Sincerely,

Robert R. McGill, Esquire

 

OPM Medical Retirement Laws: Confirmation and Affirmation

The former is both a religious sacrament in Church doctrine, as well as a state of establishing that something is true or correct; the latter, an act or statement of support for that which was previously thought to be so.  Both imply a previous state of foreknowledge, or at least an indication of some prior existence of validity; it merely needed a further stamp of approval or attestation of verification.  And that is how most opinions are sought, aren’t they?  In our own minds, we already know the answer; the search for counsel is not for new revelation, but merely a confirmation of that which we know, and the affirmation of what is needed to be done.

For Federal employees and U.S. Postal workers who suffer from a medical condition, such that the medical condition impacts the capacity and ability of being able to perform the essential elements of one’s positional duties, the recognition for the need to file for Federal Disability Retirement benefits through the U.S. Office of Personnel Management, whether the Federal employee or U.S. Postal worker is under FERS, CSRS or CSRS Offset, is determined far in advance of any phone call to an attorney for guidance and counsel.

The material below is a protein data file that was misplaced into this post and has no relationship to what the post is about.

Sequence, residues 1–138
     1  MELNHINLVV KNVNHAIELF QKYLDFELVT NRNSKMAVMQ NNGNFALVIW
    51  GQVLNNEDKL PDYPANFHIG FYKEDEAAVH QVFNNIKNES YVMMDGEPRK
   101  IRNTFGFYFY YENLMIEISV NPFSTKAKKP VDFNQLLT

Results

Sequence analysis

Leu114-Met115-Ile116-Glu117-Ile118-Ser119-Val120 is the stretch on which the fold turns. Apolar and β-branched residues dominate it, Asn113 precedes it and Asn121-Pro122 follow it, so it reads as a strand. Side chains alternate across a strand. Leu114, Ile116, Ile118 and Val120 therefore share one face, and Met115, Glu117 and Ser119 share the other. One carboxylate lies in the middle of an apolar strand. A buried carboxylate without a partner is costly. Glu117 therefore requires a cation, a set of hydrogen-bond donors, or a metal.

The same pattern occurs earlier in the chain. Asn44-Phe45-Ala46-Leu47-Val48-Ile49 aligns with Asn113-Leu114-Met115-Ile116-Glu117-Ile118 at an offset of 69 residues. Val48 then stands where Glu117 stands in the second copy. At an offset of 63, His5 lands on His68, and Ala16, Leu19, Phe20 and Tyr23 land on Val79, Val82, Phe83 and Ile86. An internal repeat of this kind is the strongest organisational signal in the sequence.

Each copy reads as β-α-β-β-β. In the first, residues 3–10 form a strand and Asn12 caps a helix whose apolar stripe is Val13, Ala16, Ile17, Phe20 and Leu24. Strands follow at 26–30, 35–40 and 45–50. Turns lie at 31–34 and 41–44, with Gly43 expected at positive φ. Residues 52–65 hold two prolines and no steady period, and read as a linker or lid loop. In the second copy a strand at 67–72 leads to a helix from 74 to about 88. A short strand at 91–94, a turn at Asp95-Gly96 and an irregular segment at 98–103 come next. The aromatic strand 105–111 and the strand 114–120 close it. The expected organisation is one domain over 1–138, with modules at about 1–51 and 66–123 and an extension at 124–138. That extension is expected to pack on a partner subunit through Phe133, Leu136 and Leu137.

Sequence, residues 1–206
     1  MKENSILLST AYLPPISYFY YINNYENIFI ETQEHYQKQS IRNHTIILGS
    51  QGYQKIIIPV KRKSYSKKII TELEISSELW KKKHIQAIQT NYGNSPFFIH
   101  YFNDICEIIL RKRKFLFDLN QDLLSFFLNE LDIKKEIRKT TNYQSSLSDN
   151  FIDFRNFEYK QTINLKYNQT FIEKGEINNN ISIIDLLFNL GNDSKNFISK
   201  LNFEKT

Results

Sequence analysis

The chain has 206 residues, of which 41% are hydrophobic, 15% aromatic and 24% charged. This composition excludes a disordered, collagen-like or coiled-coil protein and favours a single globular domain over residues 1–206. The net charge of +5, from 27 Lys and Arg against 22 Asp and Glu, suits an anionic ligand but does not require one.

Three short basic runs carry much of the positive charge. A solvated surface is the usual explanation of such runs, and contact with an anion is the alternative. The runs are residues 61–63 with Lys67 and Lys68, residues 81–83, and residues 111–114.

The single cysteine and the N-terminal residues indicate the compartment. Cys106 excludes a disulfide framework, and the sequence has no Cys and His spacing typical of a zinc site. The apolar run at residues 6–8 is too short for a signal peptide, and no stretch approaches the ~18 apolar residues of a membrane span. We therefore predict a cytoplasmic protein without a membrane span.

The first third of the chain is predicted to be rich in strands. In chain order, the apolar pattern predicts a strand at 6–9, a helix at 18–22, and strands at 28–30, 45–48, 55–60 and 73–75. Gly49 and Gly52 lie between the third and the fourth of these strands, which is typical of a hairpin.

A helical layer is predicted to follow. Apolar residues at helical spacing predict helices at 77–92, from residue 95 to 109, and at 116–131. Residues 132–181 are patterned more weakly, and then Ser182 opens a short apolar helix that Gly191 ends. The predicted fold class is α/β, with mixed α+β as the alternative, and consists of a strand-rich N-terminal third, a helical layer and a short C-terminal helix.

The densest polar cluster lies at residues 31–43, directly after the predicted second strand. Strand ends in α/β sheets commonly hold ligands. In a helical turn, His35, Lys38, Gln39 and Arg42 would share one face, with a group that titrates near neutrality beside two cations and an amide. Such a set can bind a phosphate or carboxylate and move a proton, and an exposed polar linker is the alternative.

The search for “advice”, as the term is loosely presented, is often to merely confirm that which is already known, and to affirm the process which has already been discovered.  For, the medical condition itself already tells the Federal or Postal employee of the necessity of filing for Federal Disability Retirement benefits through OPM, and the agency’s unfriendly and often hostile response has established the harbinger of one’s future.

Like secrets between nations and skeletons in one’s proverbial closet, the preparation, formulation and filing of Federal Disability Retirement benefits through OPM is somewhat of a formality; it was known already for quite some time, but the Federal and Postal employee just needed to confirm and affirm the inevitability of necessity already revealed, but wanting of declaration.

Sincerely,

Robert R. McGill, Esquire